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Haiku for Java using Text Blocks

Creative writing meets Java Text Blocks and Eclipse Collections

Converting eleven haiku to a Java String using Text Blocks and counting characters using Eclipse Collections

My Month of Haiku

In September 2021, I took a month off from technical writing in my blog. I experimented with writing haiku for the month. Haiku are a structured form of poetry with a total of seventeen syllables, five in the first line, seven in the second line, and five in the third line.

Here’s a list of my haiku on Medium where I matched the haiku I wrote with selected images I found on Unsplash.

Haiku

11 stories

Converting Haiku to a Java String using a Text Block

I organized the haiku into three rows with four, three and four haiku. The text block looks as follows:

Java Text Block with Haiku

Counting chars using Eclipse Collections

Once I had all of the haiku stored in a String, I wanted to see the top three letters I used in my writing. This was kind of inspired by the recent Wordle phenomenon. I was curious to see which letters I used most often in my own creative writing. The simplest approach for me would be to use Eclipse Collections.

The algorithm I used is pretty simple. Convert the String to a CharAdapter, filter out non-alphabetic characters, convert the remaining characters to lowercase, convert the characters to a CharBag (counts them), then ask the CharBag for the topOccurrences (top three letters).

Algorithm for counting top three letters using Eclipse Collections

Counting Characters using Java Streams

Counting Character instances is possible using Java Streams as well. The differences in approaches are subtle. There is no Bag data structure or topOccurrences algorithm in Java today, so I had to simulate a Bag using a Map and using sorting and limiting of the entrySet on the Map to calculate topOccurrences.

Algorithm for counting top three letters using Java Streams

Differences between Eclipse Collections and Java Streams

The differences between the Eclipse Collections and Java Streams approach are subtle. The Eclipse Collections version does not box char values as Character objects. Eclipse Collections also does not box the int counts as Long objects. A CharBag in Eclipse Collections is backed by a CharIntMap. The method topOccurrences can also handle ties (by leaving it to the developers to deal with ties), whereas the limit method will always limit the result to three.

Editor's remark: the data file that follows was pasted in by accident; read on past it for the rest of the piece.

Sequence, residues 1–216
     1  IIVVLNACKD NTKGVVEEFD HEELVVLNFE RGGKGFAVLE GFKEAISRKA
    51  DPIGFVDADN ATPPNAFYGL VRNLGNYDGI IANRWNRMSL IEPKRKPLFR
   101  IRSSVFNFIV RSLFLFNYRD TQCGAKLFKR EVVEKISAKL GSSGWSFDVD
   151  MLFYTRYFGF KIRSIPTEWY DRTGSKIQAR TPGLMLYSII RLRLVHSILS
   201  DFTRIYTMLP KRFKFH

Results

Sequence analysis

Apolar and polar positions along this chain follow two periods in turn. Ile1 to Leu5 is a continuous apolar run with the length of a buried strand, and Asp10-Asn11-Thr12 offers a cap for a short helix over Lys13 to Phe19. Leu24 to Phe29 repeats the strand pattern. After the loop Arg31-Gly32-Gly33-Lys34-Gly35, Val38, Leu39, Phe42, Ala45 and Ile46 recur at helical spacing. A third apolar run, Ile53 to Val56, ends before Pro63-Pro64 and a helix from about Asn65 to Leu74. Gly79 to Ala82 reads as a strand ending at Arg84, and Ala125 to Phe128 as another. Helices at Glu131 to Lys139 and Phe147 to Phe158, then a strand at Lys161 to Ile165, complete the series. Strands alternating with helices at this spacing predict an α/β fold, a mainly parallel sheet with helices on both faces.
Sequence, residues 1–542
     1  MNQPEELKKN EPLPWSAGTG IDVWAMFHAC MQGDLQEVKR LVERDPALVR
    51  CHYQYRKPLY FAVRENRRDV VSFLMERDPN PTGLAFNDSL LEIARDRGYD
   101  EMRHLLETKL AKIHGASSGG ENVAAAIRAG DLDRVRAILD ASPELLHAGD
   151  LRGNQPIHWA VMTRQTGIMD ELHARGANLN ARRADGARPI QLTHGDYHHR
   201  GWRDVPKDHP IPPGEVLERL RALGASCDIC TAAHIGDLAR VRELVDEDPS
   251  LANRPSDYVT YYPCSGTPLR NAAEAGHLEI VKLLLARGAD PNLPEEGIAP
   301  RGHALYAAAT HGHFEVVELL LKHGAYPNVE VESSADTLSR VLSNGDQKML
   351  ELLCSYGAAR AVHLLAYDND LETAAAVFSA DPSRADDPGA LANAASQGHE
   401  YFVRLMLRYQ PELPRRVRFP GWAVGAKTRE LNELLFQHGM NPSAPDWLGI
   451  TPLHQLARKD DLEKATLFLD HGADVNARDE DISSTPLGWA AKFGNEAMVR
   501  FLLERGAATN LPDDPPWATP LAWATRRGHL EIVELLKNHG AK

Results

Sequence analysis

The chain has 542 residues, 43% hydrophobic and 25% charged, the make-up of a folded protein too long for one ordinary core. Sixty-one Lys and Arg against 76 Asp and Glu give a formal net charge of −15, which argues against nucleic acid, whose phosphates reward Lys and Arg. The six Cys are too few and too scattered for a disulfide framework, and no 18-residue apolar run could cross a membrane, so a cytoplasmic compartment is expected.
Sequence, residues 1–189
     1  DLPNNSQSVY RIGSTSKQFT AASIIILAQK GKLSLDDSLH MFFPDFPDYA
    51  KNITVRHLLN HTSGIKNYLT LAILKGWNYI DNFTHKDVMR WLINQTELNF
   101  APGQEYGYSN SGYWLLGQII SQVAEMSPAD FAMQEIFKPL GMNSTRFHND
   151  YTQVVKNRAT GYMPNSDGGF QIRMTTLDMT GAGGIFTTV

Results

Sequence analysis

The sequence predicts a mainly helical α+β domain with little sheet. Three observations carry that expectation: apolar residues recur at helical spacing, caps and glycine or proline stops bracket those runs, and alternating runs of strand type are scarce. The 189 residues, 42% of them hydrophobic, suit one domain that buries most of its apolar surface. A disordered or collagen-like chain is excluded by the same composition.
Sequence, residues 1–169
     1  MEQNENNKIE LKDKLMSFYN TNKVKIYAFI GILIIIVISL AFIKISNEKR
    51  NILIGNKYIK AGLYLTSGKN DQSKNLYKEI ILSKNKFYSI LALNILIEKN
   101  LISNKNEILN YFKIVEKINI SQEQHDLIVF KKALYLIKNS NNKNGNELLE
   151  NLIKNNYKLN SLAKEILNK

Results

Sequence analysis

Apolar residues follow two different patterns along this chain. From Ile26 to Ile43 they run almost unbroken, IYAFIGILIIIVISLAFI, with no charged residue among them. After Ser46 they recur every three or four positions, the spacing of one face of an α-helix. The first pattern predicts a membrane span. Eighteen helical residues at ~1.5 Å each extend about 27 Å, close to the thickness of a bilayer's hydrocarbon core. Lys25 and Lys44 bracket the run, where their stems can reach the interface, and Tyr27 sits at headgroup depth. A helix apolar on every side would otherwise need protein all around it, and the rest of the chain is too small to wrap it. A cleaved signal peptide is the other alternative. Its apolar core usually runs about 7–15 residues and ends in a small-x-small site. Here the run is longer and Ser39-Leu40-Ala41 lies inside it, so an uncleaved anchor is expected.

The Haiku as Output

I added a System.out.println(haiku) in the code to see if the output of the text block was the same as the input looked, and it was.

All eleven Haiku as output from System.out.println()

The Source Code

I added some extra examples in the following gist. I calculate the distinct letters in all the haiku, as well as the duplicate and unique letters in all of the haiku. I solve these problems using Eclipse Collections and Java Streams.

Update: I added some tests to the source code below that find Wordle words (5 letters words, not contractions) in the haiku text block. I got some ideas and help from Stuart Marks, Vlad Zakharov, and José Paumard. During the discussion I learned about this great blog about Scanner from Stuart.

Source Code for HaikuTest

Final Thoughts

I had a nice break from technical writing in September 2021 and had fun writing haiku. I hadn’t had a real opportunity until now to use Java Text Blocks, and this turned out to be an interesting experiment.

I hope you enjoyed reading the blog!

I am a Project Lead and Committer for the Eclipse Collections OSS project at the Eclipse Foundation. Eclipse Collections is open for contributions. If you like the library, you can let us know by starring it on GitHub.

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A humble place to learn Java and Programming better.

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Donald Raab

Donald Raab

Java Champion. Creator of the Eclipse Collections OSS Java library (http://www.eclipse.org/collections/). Inspired by Smalltalk. Opinions are my own.

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